Title: The Searcher
Author: Tana French
Publisher: Viking, Penguin
Publication Date: 5th November 2020
Cal Hooper thought a fixer-upper in a remote Irish village would be the perfect escape. After twenty-five years in the Chicago police force, and a bruising divorce, he just wants to build a new life in a pretty spot with a good pub where nothing much happens.
But then a local kid comes looking for his help. His brother has gone missing, and no one, least of all the police, seems to care. Cal wants nothing to do with any kind of investigation, but somehow he can’t make himself walk away.
Soon Cal will discover that even in the most idyllic small town, secrets lie hidden, people aren’t always what they seem, and trouble can come calling at his door.
I’m a huge fan of Tana French so I absolutely leapt at the chance to read her latest standalone novel, The Searcher. I can confirm it is just as brilliant as I expect from an author who I think is one of the very best crime/mystery writers out there. The story follows Cal, a retired Chicago policeman who, after his divorce, upends his whole life and moves to a remote small village in Ireland. He wants a quiet life, however when a kid from the area comes looking for Cal’s help in finding his missing elder brother, Cal finds himself embroiled in a dangerous and complicated situation.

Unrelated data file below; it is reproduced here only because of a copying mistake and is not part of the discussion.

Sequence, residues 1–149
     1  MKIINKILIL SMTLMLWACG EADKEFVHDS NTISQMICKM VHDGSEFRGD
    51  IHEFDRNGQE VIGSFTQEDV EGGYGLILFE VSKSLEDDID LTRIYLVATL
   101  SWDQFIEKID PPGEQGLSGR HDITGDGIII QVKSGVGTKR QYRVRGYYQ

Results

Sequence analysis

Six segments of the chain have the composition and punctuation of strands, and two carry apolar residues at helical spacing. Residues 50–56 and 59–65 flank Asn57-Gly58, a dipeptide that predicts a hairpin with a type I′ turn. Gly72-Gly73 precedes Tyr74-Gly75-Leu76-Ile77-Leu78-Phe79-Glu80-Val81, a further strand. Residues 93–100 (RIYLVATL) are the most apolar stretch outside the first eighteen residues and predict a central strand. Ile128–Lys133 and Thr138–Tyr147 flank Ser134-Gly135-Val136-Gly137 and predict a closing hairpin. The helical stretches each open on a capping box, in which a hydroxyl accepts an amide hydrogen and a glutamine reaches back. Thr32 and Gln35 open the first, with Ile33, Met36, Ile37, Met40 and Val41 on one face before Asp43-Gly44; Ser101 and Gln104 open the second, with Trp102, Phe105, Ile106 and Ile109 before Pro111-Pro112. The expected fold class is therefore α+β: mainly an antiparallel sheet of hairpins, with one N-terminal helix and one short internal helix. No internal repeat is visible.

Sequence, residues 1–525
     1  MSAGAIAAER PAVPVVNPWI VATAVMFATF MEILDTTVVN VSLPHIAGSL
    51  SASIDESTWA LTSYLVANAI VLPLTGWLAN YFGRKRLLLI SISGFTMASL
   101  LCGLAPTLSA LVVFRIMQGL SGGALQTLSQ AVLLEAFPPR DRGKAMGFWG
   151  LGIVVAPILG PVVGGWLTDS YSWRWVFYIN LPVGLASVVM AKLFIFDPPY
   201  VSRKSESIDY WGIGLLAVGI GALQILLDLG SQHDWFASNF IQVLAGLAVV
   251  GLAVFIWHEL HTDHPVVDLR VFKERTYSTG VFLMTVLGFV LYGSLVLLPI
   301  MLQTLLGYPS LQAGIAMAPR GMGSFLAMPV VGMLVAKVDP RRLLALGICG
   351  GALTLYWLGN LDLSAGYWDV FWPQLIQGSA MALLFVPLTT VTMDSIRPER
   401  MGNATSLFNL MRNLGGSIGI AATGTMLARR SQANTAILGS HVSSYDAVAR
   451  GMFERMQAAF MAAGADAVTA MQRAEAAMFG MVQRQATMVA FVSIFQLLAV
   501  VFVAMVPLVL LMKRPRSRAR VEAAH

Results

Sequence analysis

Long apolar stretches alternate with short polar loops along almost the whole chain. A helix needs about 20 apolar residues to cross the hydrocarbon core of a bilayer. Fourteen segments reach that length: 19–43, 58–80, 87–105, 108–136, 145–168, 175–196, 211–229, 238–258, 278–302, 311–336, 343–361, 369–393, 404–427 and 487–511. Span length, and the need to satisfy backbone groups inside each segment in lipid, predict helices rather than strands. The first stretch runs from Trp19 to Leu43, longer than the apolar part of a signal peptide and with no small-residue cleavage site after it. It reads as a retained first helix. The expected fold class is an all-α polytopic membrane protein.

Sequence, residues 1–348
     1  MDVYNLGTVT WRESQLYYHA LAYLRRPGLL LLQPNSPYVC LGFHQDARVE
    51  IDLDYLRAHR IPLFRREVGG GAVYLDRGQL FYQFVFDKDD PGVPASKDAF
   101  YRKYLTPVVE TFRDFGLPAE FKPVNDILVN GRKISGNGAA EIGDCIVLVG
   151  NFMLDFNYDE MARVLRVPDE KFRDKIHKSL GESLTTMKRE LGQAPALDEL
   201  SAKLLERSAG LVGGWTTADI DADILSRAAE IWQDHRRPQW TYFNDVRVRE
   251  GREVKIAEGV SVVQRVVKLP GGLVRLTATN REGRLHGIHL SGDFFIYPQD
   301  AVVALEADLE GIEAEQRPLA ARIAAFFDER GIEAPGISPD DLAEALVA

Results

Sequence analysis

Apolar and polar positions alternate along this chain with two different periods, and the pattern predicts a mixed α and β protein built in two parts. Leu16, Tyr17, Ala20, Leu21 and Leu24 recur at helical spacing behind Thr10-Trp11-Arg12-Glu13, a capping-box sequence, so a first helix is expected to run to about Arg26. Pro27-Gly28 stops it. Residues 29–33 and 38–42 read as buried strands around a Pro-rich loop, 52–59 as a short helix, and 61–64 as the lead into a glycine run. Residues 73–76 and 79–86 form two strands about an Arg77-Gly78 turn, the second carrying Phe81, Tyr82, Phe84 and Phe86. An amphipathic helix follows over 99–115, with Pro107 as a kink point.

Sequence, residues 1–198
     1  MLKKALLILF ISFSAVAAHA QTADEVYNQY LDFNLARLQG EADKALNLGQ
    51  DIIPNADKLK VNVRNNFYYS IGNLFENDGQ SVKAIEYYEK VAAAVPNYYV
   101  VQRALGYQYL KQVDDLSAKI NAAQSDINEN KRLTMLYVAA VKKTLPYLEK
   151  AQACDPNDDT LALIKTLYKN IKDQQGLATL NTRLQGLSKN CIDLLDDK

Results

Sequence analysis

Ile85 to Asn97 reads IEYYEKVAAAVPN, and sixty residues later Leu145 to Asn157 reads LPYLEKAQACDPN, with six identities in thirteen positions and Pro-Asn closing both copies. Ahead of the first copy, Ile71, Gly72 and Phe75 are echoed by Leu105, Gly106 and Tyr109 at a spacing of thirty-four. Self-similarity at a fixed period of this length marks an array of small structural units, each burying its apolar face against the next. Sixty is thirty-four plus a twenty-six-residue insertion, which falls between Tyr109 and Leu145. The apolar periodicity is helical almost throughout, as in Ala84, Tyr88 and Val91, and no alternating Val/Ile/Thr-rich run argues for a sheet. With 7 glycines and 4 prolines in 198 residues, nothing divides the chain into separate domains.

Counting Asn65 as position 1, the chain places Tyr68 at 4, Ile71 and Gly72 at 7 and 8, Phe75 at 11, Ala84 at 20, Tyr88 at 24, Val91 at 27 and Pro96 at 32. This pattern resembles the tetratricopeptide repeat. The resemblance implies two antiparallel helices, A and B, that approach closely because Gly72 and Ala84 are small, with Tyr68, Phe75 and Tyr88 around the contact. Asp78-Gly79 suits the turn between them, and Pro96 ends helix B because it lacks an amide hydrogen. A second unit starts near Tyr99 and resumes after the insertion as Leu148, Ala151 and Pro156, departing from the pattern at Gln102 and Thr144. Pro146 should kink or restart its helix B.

There is something so utterly brilliant about the way Tana French writes and I wish I could put my finger on just what it is. Her books are rarely short but they are so unrelentingly all-consuming that I find myself flying through them. I could not put The Searcher down. Cal is the perfect main character, likeable and easy to root for whilst also being no-nonsense and surprisingly layered. The ‘idyllic on the surface’ place he has decided to put down roots is such a fantastic setting. At first glance it seems like a cosy and quirky typical small town, however it soon becomes very clear that such places do not exist. There is darkness and light everywhere and there are always secrets hidden beneath the surface. The characters Cal encounters are all fascinating and every single one feels like a realistically flawed human being. Nothing is simple here and every encounter feels loaded which gives the book an impressively tense atmosphere.
I don’t want to give anything at all away about the plot because there are some genuinely shocking twists and turns which deserve to be experienced first hand. What I will say is that this is definitely one of my favourite books of the year and quite possibly my favourite from Tana French thus far which is seriously high praise. It is complex, nail-biting, poignant and phenomenally well written. An easy five star read for me.
I received an e-arc of the book through Netgalley. My review is entirely my own honest opinion.
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